- Exposure to environmental noise from within homes has been associated with poor mental health. Existing evidence rests on cross-sectional studies prone to residual confounding, reverse causation, and small sample sizes, failing to adequately consider the causal nature of this relationship. Furthermore, few studies have examined the sociodemographic distribution of noise exposure at a country level.
- This study examines the associations of neighborhood environments with BMI, HbA1c, and diabetes across 6 years in Hispanic/Latino adults.
- Post-stroke physical activity has widespread health benefits. Environmental exposures may shape post-stroke physical activity behavior. This study investigates the relationships between environmental exposures and post-stroke physical activity.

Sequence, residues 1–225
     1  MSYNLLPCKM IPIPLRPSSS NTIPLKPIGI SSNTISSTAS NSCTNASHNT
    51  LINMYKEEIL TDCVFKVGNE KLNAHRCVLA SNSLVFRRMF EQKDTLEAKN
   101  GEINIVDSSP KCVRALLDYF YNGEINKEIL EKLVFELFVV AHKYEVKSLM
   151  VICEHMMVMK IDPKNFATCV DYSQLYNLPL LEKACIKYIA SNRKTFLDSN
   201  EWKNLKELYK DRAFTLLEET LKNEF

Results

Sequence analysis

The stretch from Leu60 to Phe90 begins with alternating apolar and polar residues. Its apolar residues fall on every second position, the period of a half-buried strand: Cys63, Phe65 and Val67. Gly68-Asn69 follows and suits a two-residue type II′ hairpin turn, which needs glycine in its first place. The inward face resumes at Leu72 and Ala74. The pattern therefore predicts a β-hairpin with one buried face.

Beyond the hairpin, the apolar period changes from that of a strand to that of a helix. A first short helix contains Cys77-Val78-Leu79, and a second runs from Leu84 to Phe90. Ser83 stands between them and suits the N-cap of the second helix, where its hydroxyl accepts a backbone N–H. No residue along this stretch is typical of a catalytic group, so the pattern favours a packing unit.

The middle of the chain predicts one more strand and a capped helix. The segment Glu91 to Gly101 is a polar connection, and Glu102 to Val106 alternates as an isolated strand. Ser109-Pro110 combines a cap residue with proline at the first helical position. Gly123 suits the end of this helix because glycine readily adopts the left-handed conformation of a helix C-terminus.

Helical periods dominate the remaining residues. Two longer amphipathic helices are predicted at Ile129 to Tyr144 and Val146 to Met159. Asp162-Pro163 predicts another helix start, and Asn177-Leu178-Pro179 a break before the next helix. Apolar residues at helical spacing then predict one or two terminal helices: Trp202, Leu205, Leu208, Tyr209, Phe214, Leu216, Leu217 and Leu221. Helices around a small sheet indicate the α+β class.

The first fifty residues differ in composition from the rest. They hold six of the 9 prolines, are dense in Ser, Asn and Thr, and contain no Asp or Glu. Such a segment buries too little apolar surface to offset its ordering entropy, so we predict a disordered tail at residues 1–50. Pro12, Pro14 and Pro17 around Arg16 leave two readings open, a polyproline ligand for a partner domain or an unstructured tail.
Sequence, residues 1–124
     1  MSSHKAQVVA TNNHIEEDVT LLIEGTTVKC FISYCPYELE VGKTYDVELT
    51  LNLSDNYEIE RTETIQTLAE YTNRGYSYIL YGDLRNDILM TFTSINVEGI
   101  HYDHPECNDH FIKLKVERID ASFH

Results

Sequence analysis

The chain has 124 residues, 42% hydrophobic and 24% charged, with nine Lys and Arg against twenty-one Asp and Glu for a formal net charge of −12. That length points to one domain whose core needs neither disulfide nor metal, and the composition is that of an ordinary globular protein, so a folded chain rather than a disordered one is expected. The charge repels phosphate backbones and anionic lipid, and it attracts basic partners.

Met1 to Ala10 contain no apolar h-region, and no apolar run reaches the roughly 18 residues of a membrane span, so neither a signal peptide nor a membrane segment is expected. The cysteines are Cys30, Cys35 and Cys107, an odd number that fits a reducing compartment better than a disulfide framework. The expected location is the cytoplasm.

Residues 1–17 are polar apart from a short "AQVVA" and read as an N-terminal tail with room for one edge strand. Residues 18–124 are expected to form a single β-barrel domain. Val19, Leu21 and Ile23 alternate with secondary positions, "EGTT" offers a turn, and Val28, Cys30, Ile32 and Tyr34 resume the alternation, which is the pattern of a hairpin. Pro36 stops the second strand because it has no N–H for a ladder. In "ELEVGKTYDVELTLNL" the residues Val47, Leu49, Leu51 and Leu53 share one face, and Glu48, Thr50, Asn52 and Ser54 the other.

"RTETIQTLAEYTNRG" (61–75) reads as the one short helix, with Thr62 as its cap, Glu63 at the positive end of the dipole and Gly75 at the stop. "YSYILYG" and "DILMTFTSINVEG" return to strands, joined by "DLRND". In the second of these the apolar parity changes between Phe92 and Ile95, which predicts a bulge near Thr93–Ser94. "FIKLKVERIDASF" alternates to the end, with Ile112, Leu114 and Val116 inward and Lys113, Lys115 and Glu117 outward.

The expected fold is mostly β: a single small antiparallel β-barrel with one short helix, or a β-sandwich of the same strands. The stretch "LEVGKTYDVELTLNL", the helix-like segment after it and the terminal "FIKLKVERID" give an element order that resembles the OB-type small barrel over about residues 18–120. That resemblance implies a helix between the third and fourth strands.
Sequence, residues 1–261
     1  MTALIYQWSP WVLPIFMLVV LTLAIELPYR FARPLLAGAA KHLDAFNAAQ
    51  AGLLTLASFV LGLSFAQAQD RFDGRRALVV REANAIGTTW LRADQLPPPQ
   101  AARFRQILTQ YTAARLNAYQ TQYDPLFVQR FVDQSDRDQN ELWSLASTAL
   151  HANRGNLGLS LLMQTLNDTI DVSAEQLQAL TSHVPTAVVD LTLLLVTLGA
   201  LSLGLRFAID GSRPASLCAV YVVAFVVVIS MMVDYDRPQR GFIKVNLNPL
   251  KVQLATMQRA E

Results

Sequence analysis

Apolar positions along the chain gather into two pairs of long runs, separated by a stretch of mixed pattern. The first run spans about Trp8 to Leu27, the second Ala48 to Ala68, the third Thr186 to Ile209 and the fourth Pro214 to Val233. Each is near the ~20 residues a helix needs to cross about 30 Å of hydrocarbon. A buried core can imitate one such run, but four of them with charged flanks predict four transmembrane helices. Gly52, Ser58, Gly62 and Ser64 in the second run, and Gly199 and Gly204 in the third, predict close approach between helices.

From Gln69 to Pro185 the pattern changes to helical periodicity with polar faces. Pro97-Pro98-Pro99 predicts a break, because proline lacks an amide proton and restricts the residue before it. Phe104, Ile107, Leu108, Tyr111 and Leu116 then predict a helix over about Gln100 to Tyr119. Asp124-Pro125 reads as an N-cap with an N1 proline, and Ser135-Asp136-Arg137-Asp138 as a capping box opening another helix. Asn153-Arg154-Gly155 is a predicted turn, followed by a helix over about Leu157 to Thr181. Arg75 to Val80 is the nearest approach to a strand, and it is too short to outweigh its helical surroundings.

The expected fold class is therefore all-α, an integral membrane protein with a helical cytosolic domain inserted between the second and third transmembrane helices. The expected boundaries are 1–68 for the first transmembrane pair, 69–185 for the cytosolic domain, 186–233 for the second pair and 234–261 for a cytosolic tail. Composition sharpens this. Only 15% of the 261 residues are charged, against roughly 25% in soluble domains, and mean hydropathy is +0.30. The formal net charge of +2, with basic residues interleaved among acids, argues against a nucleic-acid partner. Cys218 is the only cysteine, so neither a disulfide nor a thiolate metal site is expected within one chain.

- Routine adolescent physical activity is a well-established predictor of positive health across the lifespan, although wide disparities in youth physical activity engagement persist across sex and race/ethnicity. Transportation barriers may be related to adolescents’ ability to access physical activity opportunities. This study examines the association between neighborhood public transportation usage and adolescent physical activity using a national sample.